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French Version

Politics and art don't mix in divided Cyprus

Authorities pull the plug on contemporary art event over activities planned in Turkish Cypriot North

The European Biennial of Contemporary Art, founded to tie all of Europe closer together after the fall of the Berlin Wall, has come undone in the long-divided capital of Nicosia.

For the first time in the 10-year history of the International Foundation Manifesta (IFM), lawyers are reading the contractual small print after Cyprus pulled the plug on Manifesta 6 over political sensitivities.

The row over one of the art world's premier contemporary festivals has ruffled feathers and put Cyprus in an embarrassing spot.

Cypriot authorities were unhappy that part of Manifesta 6 would take place in the Turkish Cypriot North, offering a semblance of recognition to a breakaway state only recognized by Ankara.

The Mediterranean island, which joined the EU in 2004, has been divided since Turkish troops invaded and occupied the island's Northern third in 1974 after an Athens-engineered coup to unite Cyprus with Greece.

The crux of the legal wrangle also appears to be over who was making decisions on the $2.3-million Manifesta 6 project, which was being financed by the Nicosia municipality.

Moreover, all three of Manifesta's foreign curators have had their contracts terminated and Nicosia is also in dispute with the IFM. Egyptian curator Mai Abu al-Dahab never even secured a work permit.

"Our contracts were terminated for breach of confidentiality and turning Manifesta 6 into a political issue but it was made clear from the start that it would be a bi-communal event," said curator Florian Waldvogel.

He said the actions taken by Nicosia's town hall were tantamount to censorship of the entire art world and argued there was no confidentiality agreement to break.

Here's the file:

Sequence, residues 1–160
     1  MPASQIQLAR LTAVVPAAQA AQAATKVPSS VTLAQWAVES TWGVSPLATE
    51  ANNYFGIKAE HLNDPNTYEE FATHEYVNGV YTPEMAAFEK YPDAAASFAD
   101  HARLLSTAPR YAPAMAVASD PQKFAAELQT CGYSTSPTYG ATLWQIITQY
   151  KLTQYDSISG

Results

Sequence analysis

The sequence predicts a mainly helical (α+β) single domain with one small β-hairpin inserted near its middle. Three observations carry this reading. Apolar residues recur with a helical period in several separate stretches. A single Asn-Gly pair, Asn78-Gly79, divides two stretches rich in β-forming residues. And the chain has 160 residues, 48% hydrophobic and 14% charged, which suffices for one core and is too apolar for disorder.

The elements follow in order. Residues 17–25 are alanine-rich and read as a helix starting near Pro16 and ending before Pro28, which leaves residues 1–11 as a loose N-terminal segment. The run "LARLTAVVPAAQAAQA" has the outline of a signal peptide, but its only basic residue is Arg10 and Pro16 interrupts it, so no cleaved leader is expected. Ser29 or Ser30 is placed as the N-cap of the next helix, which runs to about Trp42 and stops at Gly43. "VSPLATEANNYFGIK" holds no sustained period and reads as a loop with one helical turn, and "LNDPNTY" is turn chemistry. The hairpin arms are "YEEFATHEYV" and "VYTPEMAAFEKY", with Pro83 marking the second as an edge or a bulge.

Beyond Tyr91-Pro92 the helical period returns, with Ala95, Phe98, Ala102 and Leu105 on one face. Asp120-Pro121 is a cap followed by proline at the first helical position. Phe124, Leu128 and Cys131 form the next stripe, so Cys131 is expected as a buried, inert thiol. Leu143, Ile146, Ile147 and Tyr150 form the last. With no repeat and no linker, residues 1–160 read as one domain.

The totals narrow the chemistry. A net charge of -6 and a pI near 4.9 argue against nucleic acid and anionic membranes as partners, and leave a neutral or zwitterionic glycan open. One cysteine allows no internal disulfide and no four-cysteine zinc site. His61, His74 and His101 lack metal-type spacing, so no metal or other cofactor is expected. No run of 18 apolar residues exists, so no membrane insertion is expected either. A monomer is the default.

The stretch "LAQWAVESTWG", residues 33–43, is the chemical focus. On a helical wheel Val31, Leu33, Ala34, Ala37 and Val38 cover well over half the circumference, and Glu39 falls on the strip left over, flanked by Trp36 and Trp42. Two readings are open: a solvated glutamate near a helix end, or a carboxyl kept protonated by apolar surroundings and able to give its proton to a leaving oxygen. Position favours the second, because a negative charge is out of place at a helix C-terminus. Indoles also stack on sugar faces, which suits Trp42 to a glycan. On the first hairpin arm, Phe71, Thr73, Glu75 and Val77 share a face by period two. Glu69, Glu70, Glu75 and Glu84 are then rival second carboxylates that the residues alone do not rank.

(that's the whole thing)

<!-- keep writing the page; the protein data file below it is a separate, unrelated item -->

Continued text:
"In terms of the agreement the curators had full autonomy over the project and forbidding it is censorship."

Waldvogel claims there was a lack of transparency in the budget, a communications breakdown and that artists were kept in the dark on whether they could go ahead with their projects which needed funding.

He called for a re-think about how Manifesta was run in the future.

When Nicosia got the nod to hold Manifesta 6 it was heralded as a prestige event for Cyprus and a means to bring the divided Greek and Turkish Cypriot communities closer together during a 90-day extravaganza.

Previous editions of Manifesta had been staged in Rotterdam, Ljubljana and San Sebastian, in the Basque region of Spain. Cyprus beat out bids from Ireland and Estonia to host.

Only months before the event - planned for September 23 through December 17 - Manifesta has collapsed in acrimony, and the mutual recriminations are expected to rumble on.

Although several reasons are given, the main stumbling-block was the opening of an international art school that would also operate in the Turkish-held North Nicosia.

The school was to be the central theme of Manifesta 6 where performances, workshops and lectures were to be staged.

Modeled on the Bauhaus and the legendary Black Mountain College in North Carolina, the postgraduate, interdisciplinary art school was to be organized into three departments, each run by one of the three curators. They had lined up an impressive roster of participants, many of them from or familiar to the regional art scene, including Maha Maamoun, Walid Raad, Jalal Toufic, Tirdad Zolghadr, Akram Zaatari, Ali Cherri, Anri Sala, Pierre Huyghe, Liam Gillick, Martha Rosler, Eyal Weizman and Boris Groys.

The Nicosia municipality, through its organizers Nicosia for Art (NFA), said this was something they had not signed up for.

"The establishment and operation on a permanent basis of an essential part of the school in the occupied areas of Nicosia, apart from being in conflict with Cyprus and international law, was also outside the ... terms of the respective agreements," said an NFA statement.

The municipality said the decision-making process about the school's location, apart from the general program, was a "major obstacle in the continuation and realization of Manifesta 6."

Nicosia also accused the curators and IMF of refusing to engage in talks in efforts to lift the deadlock.

"The NFA considers as unacceptable the effort of assigning political dimensions to a cultural event," the town hall said.

The intricacies of Cypriot politics may be lost on the culture world's cognoscenti but scores of students and artists are left with a huge hole in their summer diary.

"A lot of people quit their jobs and changed their lives to spend time here, so the intellectual damage is much bigger," said Waldvogel.

Beirut,06 19 2006
The Daily Star
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